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Making a booking


Please don't send or bring fleece to the mill without a booking


Unfortunately, we usually have a waiting list of over a year, with the shearing period of the following year frequently fully booked, so please plan ahead and contact us to make a booking as soon as you can. (We realise that this means you may be making a booking while the fleece is still attached to the alpaca - or even yet to grow - so you won't have an exact weight, but an estimate is fine.) We now require a completed booking form for every booking, even from repeat customers. Once received, we will confirm the booking and if necessary, send an invoice for your deposit.

Although we work very hard to try to keep to the target dates for processing that we've agreed with you, please note that this isn’t always possible (for example, if an important piece of machinery is unexpectedly out of action and we need to arrange repair). So if there's a specific date that you need your yarn by, please let us know when you make your booking and we will do our very best to meet this date. Please also advise us of any changes you need to make to your booking as soon as possible.

Storing your fleece


If it's going to be a while before your fleece is due for processing, the most important thing is to keep it (or get it) dry. If you can store the fleece somewhere dry with no temperature extremes, moths or mice, it can keep for two or three years without coming to any harm (after that, then it can go a bit ‘flat’ and won’t make such nice yarn - but we did once process a 25 year old fleece, which was absolutely fine).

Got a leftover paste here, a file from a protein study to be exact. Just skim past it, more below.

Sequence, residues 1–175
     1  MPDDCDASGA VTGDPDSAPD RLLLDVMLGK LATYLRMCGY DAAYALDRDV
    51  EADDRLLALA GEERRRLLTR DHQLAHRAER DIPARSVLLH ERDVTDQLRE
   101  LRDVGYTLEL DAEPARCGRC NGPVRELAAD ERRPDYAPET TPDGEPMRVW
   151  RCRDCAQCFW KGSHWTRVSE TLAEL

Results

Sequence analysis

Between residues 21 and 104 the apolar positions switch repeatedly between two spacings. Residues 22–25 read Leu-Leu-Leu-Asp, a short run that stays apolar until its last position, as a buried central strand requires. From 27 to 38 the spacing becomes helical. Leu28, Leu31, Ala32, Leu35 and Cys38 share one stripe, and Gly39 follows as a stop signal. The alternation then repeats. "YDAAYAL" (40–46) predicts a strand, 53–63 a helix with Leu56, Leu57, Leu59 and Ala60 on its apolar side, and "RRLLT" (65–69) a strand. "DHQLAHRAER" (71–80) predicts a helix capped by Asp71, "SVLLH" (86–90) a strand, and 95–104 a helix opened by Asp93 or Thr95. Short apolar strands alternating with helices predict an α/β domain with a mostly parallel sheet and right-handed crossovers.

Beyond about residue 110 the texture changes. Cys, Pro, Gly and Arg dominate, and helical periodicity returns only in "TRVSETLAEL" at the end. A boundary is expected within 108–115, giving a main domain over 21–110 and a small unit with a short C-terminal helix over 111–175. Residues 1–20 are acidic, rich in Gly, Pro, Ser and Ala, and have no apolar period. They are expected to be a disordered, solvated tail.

Some people store their fleece in paper sacks, (e.g. potato sacks), which allow the fleece to breathe, but don’t use empty grain or oat bags, as these will almost certainly turn out not to have been completely empty and will contaminate your fleece with seeds!  Polythene bags are fine if the fleece is dry.  If it’s damp, a good trick is to roll the fleece in wall lining paper and then stand it in a plastic bag open at the top, allowing the paper to ‘wick’ the moisture out of the fleece. If you seal the bags (which you may need to do to avoid and danger of moth infestation, be careful to keep them out of direct sunlight which can cause the fleece to sweat.

Make sure that the bags are carefully labelled – ideally by writing on the bag with an indelible marker and/or putting a label inside the bag: sticky labels on the outside almost always fall off sooner or later!

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